Of course the Kurds are clear that their aim is not just to make women equal with men. They want to change the whole nature of society away from capitalism towards communalism, or, to use their preferred term, democratic confederalism. But somehow this has all become subsumed under the heading of jineology – the study of woman, jin. Jineology takes its lead from the second wave feminism of the 1960s, which regarded violence, hierarchy, racism, and environmental destruction as all stemming from an intrinsic male need for dominance, and which created movements such as the Greenham Common women’s peace camp. Observation of post sixties more liberated societies and of spaces where men are absent do not support such a clear cut view, and we all know individuals of both sexes who promote these destructive concepts, and others who reject them. Why should they be linked to gender, and why is such linking acceptable to theorists who claim to reject dualisms? Similarly, why should communalism have any more logical claim to femininity than does, say, a French table or a German knife? A history of oppression does not endow a group with moral superiority, as Zionism so sadly demonstrates.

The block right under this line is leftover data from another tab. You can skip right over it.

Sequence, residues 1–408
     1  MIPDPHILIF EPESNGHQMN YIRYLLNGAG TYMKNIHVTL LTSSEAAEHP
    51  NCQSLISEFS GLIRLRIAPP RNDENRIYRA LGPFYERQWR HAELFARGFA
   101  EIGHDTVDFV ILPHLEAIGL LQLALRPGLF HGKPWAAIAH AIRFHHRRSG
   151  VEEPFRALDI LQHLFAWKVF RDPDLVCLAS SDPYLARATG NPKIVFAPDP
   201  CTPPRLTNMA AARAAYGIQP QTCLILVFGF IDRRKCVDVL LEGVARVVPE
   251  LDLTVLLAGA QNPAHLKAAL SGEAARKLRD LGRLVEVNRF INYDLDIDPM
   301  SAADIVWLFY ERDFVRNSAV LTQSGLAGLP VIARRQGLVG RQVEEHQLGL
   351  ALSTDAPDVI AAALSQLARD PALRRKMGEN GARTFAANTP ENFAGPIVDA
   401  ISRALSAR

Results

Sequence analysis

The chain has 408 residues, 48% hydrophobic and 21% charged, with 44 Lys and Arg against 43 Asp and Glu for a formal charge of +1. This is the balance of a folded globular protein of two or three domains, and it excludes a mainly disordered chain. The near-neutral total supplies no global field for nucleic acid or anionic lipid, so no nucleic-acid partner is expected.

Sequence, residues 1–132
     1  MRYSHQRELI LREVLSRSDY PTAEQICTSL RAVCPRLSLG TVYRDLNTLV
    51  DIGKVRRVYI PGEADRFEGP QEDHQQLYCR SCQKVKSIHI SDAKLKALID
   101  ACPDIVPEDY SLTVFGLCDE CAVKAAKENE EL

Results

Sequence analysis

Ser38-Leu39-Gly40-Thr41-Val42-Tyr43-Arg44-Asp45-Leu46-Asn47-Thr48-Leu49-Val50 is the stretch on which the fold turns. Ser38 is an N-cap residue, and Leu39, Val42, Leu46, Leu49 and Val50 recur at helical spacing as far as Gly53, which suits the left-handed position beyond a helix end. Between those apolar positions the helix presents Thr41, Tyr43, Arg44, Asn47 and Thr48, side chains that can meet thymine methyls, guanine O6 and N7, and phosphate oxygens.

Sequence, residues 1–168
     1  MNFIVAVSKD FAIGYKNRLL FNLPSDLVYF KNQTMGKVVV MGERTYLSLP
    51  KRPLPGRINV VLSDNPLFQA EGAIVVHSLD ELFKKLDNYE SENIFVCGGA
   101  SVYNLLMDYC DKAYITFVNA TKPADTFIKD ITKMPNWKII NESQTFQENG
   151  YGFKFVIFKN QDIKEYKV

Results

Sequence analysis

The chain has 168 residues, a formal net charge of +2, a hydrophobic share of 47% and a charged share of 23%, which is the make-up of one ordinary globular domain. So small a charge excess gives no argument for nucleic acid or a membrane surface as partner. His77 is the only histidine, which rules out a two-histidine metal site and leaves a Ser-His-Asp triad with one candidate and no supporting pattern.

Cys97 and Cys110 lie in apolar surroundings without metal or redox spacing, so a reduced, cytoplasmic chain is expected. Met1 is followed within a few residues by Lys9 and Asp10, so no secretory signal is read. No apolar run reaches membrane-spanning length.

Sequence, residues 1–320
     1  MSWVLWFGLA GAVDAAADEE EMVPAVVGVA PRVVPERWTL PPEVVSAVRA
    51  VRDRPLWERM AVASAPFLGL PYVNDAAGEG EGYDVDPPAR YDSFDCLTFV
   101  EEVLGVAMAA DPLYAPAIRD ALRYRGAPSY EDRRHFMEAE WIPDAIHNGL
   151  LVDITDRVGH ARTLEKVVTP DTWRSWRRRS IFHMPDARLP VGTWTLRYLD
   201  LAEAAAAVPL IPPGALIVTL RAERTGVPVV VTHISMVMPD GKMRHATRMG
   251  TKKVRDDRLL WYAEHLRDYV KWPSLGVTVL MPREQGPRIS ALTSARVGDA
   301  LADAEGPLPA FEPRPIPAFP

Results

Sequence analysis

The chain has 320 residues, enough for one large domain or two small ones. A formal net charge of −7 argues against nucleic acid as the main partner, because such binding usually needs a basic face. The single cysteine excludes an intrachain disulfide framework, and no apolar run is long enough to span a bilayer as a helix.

Jineology looks back, for support and inspiration, to the thesis that early forms of society were matriarchal. This is an idea that is still the subject of academic dispute and was taken up by Engels in The Origin of the Family, published in 1884. For Engels, the ‘defeat of the female sex’ was a result of the development of rights to material property that emerged alongside agriculture, but jineology tends to ignore such materialist arguments. Instead, jineology relies on an essentialised vision of gender difference, where dominant, hierarchical and mechanistic man contrasts with the idealised woman, who is in tune with nature and communal values by virtue of her sex. Thus, for the woman fighter who addressed us by video link from the Kurdish mountains, class society was a male paradigm while ecological society was female, and women embodied the essence of life itself. As Nina Berger observes in her Marxist critique of the women’s struggles in Rojava, these ideas leave women carrying a huge burden, which opens them up to potential blame if things go wrong. In some renderings jineology’s world view approaches a mirror image of the fall from Eden, where it is man that has forced (not tempted this time) woman from the path of natural harmony. As Eden is often identified with Mesopotamia, even the geography is the same.